If your specification is of the form $\mathbf{G}(\psi)$ and not $\alpha \wedge \mathbf{G}(\psi)$, you need to apply a little trick. You add an input proposition for resetting the execution. Whenever the reset proposition is 1, the Turing tape content and machine start is reset to the start. Otherwise, simulation of the Turing machine works as before. In this way, you don't need the $\alpha$ component for EXPTIME-hardness.

Doing the latter proof fully precise is tricky, as it requires you to also reason about executions of the Turing machine on which the tape boundaries are exceeded. There are some details that make a full formal proof rather lenghty.

  • $\begingroup$ I had this same idea, but I'm not sure it fully works. Say you have the specification $\psi = (p \land X \neg p)$, where $p$ is the only variable and we assume it belongs to the system. Then we want to check if $G \psi$. According to your translation into QBF, this would look like $\exists p \exists Xp : (p \land \neg Xp)$. This QBF is true, yet $G \psi$ is not realizable. (Maybe I'm not fully understanding the reduction you suggest) $\endgroup$ Aug 7, 2021 at 10:22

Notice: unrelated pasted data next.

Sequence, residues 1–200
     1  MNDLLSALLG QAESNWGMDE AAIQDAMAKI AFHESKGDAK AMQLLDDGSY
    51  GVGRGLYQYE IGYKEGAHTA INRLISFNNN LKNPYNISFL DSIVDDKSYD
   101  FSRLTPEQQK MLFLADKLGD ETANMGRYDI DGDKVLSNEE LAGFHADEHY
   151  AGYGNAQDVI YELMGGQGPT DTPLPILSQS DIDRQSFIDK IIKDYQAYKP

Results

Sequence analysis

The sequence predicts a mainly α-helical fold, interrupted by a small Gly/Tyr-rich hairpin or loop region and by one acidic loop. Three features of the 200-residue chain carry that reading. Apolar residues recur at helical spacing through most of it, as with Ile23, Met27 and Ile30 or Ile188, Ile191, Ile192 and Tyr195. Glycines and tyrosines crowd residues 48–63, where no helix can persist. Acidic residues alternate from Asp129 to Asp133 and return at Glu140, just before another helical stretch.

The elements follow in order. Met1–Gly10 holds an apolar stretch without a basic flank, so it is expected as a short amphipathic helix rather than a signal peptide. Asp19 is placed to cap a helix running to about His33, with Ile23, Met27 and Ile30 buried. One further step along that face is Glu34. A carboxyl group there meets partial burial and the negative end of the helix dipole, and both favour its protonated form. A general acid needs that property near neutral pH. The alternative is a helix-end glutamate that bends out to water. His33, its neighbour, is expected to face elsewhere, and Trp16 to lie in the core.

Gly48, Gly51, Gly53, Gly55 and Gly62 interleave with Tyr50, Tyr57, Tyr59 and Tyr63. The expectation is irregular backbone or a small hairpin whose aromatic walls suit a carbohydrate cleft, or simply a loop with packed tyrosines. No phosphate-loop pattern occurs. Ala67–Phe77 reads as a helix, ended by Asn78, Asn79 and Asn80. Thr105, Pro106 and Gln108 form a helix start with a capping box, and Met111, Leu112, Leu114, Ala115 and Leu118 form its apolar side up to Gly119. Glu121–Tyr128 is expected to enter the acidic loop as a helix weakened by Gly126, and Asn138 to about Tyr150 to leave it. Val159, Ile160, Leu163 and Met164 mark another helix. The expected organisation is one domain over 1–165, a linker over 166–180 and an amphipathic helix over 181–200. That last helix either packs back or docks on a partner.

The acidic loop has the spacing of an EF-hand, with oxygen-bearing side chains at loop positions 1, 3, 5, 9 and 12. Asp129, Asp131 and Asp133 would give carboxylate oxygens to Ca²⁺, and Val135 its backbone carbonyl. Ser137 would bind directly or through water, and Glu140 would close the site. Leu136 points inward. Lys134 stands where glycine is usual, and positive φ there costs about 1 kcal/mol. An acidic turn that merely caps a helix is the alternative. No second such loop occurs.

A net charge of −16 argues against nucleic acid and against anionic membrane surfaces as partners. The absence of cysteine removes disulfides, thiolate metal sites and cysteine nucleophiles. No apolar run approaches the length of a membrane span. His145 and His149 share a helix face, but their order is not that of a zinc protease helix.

• $\begingroup$ I hope that I can give a more complete reasoning for the second part this evening (European time). $\endgroup$
    – DCTLib
    Aug 7, 2021 at 10:38
  • 1
    $\begingroup$ @NoelArteche I realized too late that in your third paragraph, you are modifying the problem from the first two paragraphs of your questions. The answer so far (except for the edit) is only for the first two paragraphs of your question, which mention that X is the only temporal operator. So there can't be a "G" in front. I hope that I find the time this evening to complete the case with the G in front. There are some details.Note that in the reactive synthesis literature, there is no implicit "globally" in front, as there are often constraints on how the system to synthesize behaves initially. $\endgroup$
    – DCTLib
    Aug 7, 2021 at 10:39
  • $\begingroup$ Thanks! Indeed, in practice the full specifications I'm dealing with are of the form $\alpha \land G \psi$, where $\alpha$ is a Boolean formula on the system variables, with no temporal operators, specifying the initial condition. But I assumed this initial condition would not affect the hardness in any way, and so I imagined the complexity of realizing $\alpha \land G \psi$ boils down to just $G \psi$. Is this not true? I would expect this problem to still be EXPTIME-complete. $\endgroup$ Aug 7, 2021 at 11:09
  • $\begingroup$ @NoelArteche I just added the case you are actually interested in. $\endgroup$
    – DCTLib
    Aug 7, 2021 at 20:28